To one degree or another, that challenge needs to be addressed at just about everything that happens at Lyons Orthodontics, which is why Lyons takes such great care with all of his hiring decisions.

“To excel in this BRT area, you have to have your systems dialed in at all times, from the moment a person walks into your reception area,” he says. “One of the most important things I can do as a business owner is to hire fantastic people who can run those systems the way they need to run without someone looking over their shoulder and managing them.”

In looking back on his first decade in the field, Lyons is more convinced than ever that nurturing honest, trusting relationships is the key to the success of his practice. It brings him back once again to the life lessons he learned from his father.

“My dad, he never had a contract in his business,” Lyons says. “Everything was a handshake, and his word was his bond. I honestly think now that that’s the biggest maker or breaker of success in orthodontics, too—being able to build a relationship of trust and doing it quickly.

If you can do that, the sky’s the limit.”

If Dr. Timothy Lyons is ever tempted to let the successes of his accomplishments go to his head, his family serves as a formidable anchor to humility. His father-in-law is a film writer, producer and director. He’s won an Academy Award. His siblings, on both his and his wife’s side, are equally well-credentialed. One sold a software company to Apple for somewhere north of $65 million dollars. Another does public speaking. Yet another is a lawyer. Another makes horror films and yet another is a commercial director.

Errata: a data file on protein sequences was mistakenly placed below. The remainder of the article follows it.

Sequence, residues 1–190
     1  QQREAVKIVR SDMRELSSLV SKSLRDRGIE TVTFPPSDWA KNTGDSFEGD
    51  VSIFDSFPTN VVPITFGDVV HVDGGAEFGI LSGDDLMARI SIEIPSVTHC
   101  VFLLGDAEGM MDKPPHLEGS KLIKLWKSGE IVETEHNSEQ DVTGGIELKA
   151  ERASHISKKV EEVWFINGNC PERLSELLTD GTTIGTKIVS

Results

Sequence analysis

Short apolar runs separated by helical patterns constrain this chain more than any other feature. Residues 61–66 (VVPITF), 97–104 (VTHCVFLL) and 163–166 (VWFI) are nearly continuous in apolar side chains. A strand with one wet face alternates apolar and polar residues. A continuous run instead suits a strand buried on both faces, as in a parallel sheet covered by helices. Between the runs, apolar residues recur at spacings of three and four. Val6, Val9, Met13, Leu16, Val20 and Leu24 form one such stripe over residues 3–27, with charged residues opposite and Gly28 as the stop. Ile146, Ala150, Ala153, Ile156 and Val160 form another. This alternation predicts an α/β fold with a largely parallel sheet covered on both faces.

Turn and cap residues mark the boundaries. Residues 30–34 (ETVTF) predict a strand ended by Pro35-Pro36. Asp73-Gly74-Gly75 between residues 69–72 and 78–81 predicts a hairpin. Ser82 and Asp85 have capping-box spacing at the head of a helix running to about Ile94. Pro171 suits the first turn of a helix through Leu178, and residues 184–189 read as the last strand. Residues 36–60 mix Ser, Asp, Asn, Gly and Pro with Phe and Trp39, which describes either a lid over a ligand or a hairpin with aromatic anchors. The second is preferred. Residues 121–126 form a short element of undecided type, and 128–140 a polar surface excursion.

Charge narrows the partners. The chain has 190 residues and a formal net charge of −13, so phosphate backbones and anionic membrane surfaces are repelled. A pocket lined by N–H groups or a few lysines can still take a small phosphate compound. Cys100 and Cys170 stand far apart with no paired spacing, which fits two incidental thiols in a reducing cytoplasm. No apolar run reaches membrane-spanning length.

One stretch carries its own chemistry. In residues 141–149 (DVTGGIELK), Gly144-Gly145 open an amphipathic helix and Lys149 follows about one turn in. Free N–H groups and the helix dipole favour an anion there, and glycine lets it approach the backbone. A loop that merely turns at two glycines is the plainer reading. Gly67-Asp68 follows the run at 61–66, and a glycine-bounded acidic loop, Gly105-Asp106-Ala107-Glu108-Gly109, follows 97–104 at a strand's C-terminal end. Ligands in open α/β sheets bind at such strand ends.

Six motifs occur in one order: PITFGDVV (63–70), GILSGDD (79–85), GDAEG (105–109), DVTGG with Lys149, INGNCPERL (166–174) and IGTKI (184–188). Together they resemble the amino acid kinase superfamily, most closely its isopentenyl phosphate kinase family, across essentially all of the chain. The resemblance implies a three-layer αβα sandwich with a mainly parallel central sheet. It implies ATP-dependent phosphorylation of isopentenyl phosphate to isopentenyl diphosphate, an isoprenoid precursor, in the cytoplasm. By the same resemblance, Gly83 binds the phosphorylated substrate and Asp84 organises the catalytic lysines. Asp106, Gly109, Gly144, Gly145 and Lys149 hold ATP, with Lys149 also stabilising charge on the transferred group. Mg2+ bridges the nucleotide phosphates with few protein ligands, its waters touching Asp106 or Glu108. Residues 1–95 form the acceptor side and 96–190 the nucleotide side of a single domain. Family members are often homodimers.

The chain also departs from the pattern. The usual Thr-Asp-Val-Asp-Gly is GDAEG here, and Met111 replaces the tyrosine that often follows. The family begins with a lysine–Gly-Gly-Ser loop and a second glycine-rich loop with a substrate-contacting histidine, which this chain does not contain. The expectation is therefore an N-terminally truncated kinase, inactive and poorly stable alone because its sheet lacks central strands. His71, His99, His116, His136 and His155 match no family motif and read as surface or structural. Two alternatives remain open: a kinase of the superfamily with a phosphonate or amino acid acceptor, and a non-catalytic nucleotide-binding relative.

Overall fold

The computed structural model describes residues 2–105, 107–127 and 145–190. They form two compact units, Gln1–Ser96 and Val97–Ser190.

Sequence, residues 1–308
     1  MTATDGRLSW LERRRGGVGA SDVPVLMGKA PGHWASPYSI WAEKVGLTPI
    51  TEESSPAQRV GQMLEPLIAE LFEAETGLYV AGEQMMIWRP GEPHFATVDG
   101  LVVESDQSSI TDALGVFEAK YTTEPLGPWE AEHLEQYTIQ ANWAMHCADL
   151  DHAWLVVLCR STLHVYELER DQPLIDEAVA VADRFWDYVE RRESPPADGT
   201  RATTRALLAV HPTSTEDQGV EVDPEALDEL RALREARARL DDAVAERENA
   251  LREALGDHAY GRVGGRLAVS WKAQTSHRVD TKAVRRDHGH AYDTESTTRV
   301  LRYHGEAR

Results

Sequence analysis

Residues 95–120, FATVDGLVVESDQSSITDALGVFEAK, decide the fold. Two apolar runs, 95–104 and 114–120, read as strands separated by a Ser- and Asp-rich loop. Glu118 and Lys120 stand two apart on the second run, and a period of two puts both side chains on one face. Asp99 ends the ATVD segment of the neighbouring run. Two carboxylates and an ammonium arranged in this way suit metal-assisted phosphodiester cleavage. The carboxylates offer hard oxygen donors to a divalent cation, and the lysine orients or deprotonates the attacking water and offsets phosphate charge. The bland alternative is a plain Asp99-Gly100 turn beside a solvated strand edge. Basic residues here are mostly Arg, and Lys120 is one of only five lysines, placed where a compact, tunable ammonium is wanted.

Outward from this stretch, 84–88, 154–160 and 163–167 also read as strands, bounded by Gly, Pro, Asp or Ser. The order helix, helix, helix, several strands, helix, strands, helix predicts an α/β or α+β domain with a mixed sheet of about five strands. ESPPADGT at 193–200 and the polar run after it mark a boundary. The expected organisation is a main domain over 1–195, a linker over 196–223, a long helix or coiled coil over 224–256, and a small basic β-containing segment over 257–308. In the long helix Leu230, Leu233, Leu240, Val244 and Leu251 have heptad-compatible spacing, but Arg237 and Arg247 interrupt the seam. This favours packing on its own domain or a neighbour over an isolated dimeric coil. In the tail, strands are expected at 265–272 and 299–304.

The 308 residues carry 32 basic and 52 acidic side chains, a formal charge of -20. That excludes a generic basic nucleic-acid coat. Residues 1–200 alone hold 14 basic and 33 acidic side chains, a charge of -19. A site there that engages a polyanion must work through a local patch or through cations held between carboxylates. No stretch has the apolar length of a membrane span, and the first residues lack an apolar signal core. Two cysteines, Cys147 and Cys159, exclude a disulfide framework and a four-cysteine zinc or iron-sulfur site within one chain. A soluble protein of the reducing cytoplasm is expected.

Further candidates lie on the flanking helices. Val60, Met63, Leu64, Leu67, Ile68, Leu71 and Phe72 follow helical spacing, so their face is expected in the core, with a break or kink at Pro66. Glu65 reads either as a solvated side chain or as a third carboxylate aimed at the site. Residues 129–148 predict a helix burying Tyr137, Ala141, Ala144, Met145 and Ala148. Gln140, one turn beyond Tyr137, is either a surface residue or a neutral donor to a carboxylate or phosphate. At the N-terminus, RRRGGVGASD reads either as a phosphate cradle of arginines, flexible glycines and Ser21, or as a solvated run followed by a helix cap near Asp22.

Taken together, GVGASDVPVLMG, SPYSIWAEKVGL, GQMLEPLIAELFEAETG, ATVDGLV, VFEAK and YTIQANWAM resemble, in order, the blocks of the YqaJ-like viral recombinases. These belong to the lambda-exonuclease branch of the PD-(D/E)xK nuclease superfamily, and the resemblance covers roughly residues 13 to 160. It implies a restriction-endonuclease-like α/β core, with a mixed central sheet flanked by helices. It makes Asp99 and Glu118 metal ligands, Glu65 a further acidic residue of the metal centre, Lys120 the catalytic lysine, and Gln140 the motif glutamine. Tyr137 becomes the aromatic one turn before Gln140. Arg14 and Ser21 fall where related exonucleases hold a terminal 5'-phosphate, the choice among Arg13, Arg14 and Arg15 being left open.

While Tim may be the tech guy, dropping the occasional ‘dude’ into the conversation to resonate with his patients, his wife is the Yang to his Yin. A classically trained harpist, she receives considerably less high fives than her husband, but considerably more black tie invitations. As a full time mother, she plays less than she used to, but she still gets out to play the occasional formal event or wedding.

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Tim and Kamme in Maui with Their Children, Kassidy, Kapri, Walker, Ryder and Rockwell

Tim and his wife are the proud parents of five children. Like his own father, he’s hoping his work ethic will influence his own children in whatever path they choose. So far one son and one daughter have vowed to move into orthodontics.

This article published in 2013 OrthoWorld.